Prayers, please, for the eternal rest of the following, for all their families and all who mourn them:
Jim, 68, on his birthday, he died without the Sacraments.
Shirley, 65, and for all her family, esp. Elaine
Betty, who died from a brain tumor.
Prayers for the spiritual,mental and physical health of th following, for all their loved ones and all who take care of them:
Rosy, trouble with her neighbors, that things will settle down and she and her neighbors will learn to live peacefully next to each other.
The parents of Amy, that they may find ways to help her. Prayers that the Holy Spirit will give them the help to know how to help her. Prayers, too, for Amy, undergoing a long struggle.
Lord, help us all as You know and will. God's will is best. All is mercy and
grace. God is never absent, praise Him! Thanks so much. JL
February 2, June 3, October 3
Chapter 7: On Humility
The fifth degree of humility
is that he hide from his Abbot none of the evil thoughts
that enter his heart
or the sins committed in secret,
but that he humbly confess them.
The Scripture urges us to this when it says,
"Reveal your way to the Lord and hope in Him" (Ps. 36:5)
"Confess to the Lord, for He is good,
for His mercy endures forever" (Ps. 105:1).
And the Prophet likewise says,
"My offense I have made known to You,
and my iniquities I have not covered up.
I said: 'I will declare against myself my iniquities to the Lord;'
and 'You forgave the wickedness of my heart'" (Ps. 31:5).
To hide one's symptoms from one's physician is to court misdiagnosis.
If you lie to your therapist, why bother with analysis? Both these
tactics obscure illness rather than produce health. The "health" they
seek is nothing more than a falsehood, an illusion based on an
It is natural for us to wish to wish that parents and abbots think
the best of us. It is supernatural to want them to know the truth
when they need to know it to help us. That "natural" tendency in us,
however, is founded on a very unlovely kink: the desire to ALWAYS
look good, ALWAYS seem in control, even when we are floundering in
deep trouble. If parents or bosses or abbots think very highly of us,
this temptation is even stronger; we'd rather not burst their bubble,
we think it is to our advantage not to do so.
The monastery is a school of the Lord's service, but it is a hospital
of sorts, too. When we place ourselves under the care of the Holy
Rule and an abbot, we have admitted our need for care, for treatment,
for progress. Why deny ourselves any of those things now? I'm not
sure, but I'll bet there are tons of easy ways to fake one's way out
of chemical dependency treatment. Why bother? Unlike many in
substance abuse treatment, we came to Benedictinism of our own accord.
In Eastern monasticism, the tradition is for the disciple to confess
thoughts to the elder every day. This is considered a crucially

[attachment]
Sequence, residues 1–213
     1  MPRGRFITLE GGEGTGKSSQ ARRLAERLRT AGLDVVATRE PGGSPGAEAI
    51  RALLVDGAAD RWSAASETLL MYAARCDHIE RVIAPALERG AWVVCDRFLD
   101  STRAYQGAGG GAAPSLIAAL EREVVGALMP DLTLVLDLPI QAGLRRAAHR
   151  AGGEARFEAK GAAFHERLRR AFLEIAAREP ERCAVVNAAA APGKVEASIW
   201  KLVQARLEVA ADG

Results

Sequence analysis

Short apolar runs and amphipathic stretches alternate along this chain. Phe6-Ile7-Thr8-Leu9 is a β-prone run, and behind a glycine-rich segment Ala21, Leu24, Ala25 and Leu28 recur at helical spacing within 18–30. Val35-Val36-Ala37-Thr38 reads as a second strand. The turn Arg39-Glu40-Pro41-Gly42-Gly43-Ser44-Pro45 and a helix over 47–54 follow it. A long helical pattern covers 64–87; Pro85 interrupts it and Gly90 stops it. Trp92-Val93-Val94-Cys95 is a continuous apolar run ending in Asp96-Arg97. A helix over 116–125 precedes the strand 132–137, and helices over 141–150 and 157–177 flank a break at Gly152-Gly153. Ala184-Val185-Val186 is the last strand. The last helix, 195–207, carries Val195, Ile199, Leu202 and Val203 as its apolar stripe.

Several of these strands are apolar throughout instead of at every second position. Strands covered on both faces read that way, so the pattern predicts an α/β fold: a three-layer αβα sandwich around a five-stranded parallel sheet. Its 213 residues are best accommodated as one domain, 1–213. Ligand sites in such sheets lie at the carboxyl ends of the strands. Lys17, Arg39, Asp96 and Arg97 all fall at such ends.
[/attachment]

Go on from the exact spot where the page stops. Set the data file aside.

important part of monastic formation. It humbles the disciple and it
leaves the elder in a much better position to train and advise.
Granted, with many monastics in and out of house, most abbots would
be unable to do this daily, but every monastic needs a confessor or
spiritual director or spiritual co-struggler who can really know
what's going on in their souls.
Parents know how it feels when a child has need of them and never
lets them know. It is an awful feeling and often the child's reasons
(like fear or deceit,) for keeping them in the dark hurt even more.
No parent, no boss and no abbot is perfect. They are all human and
flawed, just like us. However, when we avoid trusting them with some
of our dark side, we cheat ourselves of a chance to see their
greatness called forth in compassion, mercy and wisdom.
Balance, common sense and moderation obtain here, too. It is one
thing not to tell one's abbot or boss something because one wishes to
be thought well of, quite another to realize that some things, when
there truly is no need to tell them, are best left unsaid. As Father
Damian of St. Leo is fond of saying: "The truth is not always
nourishing." However, SOMEONE needs to know: a spiritual director
or confessor. We are too weak to trod the path alone and far too
prideful. Let's not miss the chance of humbling ourselves.
Family life, in either monastery or home church, must be founded on
truth and reality to be healthy. All of us have seen flaming examples
of dysfunction when it is not. Even though sometimes a mother will
say: "For heaven's sake, don't tell your father!" there has to be
SOME connection with reality. Not only is humility the reality of
truth, but Jesus, too is the Truth. Why on earth bother seeking Him
if we don't want Truth? Let this truth, however, always be told in
gentleness and charity. There is a difference between the virtue of
honesty and the vice of brutal frankness, as my confessor, Fr. Roger,
used to say.
Love and prayers,
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